It is also good to change up the label with something that is the same meaning.
For example our son mastered “ugh-oh” pretty quickly so his speech therapist had us stop using “ugh-oh” and instead say “Oh-no!” Same meaning, but different words to use!
Shortening Words and Require Word Usage
Some words are difficult for toddlers to say, even those without a language delay!
For those words it’s wise to shorten them. “Water” is a great example.
Our son at first said “wa” for water which felt like baby talk, but his speech therapist said that’s great for a child’s language development! For a long time we referred to water as “wa wa” when labeling.
As the child begins to use a word or partial word for an object or action, require it.
One way to do this is to “play dumb.” Your child is whining and looking at a cup and you KNOW he wants that cup of water but instead of handing the cup you say “What? Do you want something?”
This helps train the speech delayed toddler that language is helpful! When they use the correct words instead of just facial expressions, they get what they are wanting quicker!
I struggled to play dumb, I’d just always forget in the moment so something I did was require use of the word before giving the item to my son.
He would whine for the water cup and I would hold the cup to my mouth and say “wa wa” and say “say wa wa and I will give you the cup.”
Again, I knew his receptive skills were at the developmental norm for his age so his speech instructor said it was appropriate to require him to use words once I was confident that he’d mastered them.
I would ask five times for the word to be used and if he still didn’t use the word after the fifth time (he’s STUBBORN) then I’d go ahead and give the item to avoid frustration.
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Reading to Help Encourage Speech in a Delayed Toddler
I have always enjoyed reading with my children from an early age. There is nothing quite as sweet as cuddling up with your babies at bedtime to read a favorite book.
The biggest thing that changed in our routine with our son when he started speech therapy was the way we read books with him.
Instead of reading the words on the pages and telling the story, books and reading time became a great way to work on language development through labeling.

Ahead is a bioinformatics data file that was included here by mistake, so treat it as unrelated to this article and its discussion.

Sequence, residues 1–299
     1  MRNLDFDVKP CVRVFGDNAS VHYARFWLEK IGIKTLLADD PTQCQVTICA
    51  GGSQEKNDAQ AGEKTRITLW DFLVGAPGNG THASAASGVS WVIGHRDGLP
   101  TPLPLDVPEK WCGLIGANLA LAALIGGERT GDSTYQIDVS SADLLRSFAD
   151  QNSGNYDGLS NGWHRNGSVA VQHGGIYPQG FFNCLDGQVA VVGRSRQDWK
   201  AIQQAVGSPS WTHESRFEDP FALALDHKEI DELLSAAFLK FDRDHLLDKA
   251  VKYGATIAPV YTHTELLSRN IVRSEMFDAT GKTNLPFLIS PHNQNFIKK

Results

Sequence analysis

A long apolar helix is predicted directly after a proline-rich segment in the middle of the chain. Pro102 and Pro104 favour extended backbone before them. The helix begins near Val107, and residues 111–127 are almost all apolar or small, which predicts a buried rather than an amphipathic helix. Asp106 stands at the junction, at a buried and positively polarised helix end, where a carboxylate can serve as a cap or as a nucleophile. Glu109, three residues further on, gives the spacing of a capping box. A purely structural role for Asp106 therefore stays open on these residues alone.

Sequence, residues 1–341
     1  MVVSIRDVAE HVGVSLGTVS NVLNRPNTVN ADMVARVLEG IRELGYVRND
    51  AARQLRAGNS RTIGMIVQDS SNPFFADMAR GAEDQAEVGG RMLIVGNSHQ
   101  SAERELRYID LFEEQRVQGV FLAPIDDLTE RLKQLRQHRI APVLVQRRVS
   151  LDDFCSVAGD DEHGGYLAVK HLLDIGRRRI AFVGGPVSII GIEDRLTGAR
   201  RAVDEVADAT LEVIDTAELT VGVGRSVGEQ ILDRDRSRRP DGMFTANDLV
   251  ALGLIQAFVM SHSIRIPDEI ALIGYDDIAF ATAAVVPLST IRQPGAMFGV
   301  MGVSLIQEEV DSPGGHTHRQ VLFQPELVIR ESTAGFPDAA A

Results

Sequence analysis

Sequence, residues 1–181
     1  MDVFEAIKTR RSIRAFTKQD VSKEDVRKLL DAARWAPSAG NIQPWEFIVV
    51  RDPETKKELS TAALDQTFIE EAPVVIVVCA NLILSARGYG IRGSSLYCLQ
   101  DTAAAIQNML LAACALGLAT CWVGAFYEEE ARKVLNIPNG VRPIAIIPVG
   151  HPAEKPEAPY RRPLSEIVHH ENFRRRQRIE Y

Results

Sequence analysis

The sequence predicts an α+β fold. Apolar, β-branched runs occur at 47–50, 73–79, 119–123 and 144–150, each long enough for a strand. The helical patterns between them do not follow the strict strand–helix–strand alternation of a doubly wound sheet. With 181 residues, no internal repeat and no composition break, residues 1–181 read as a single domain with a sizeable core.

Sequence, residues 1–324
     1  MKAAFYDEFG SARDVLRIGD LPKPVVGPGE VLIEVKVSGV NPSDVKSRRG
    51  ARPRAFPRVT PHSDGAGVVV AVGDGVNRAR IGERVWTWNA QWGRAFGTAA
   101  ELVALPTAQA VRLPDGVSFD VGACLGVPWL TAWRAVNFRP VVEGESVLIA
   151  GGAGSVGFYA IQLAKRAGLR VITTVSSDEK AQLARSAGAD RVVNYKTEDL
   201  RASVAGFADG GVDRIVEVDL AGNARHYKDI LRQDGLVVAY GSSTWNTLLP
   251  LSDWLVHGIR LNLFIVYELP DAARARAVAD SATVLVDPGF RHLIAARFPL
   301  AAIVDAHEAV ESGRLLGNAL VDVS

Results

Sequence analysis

We look at the pictures in the book together and repeat labels.
It was hard for me at first to stick to the one word labels! When you see a cow you naturally want to say “cow says mooooo” but instead I’d point to the cow and say “cow” then have him point with me and I’d repeat “cow.”
Soon it became a game where he’d point to an object on a page and I’d label it. As he progressed in his speech he’d start labeling himself, again once a label was mastered we’d add to it.
Cow eventually became “cow moo” etc.
Even now, 6 months into speech therapy, we still mostly stick with very simple books with words and short phrases and use reading time for building on the language he’s developed.
Pausing to Let the Speech Delayed Toddler Talk
My toddler is my FOURTH child. Life is busy. Life is quick.
I realized a big thing I had to work on was PAUSING.
With older siblings always eager to jump in it’s hard to WAIT and let our toddler TALK.
The older kids want to help and know the word we’re trying to get the toddler to say so they jump in.
I’m also quick to move on and not allow him enough time.
While reading I’d point to the cow and say “cow!” Then say “Now you say cow?” And wait like 3 seconds before saying “cow” again.
I found that it often took a solid TWENTY SECONDS before my son would reply with a word.
Twenty seconds sounds like nothing but it can feel like an eternity. I’d literally count to 20 in my head before moving on in order to give him that time to work at his own pace and not to rush him.
No one is perfect and there is NO WAY I can wait a full 20 seconds every time I ask my son something or each time I work on labeling with him.
That’s okay! None of these tips are something we can ALL do ALL of the time! But everything helps when you have a speech delayed toddler!
Expose Child to Language Learning Opportunities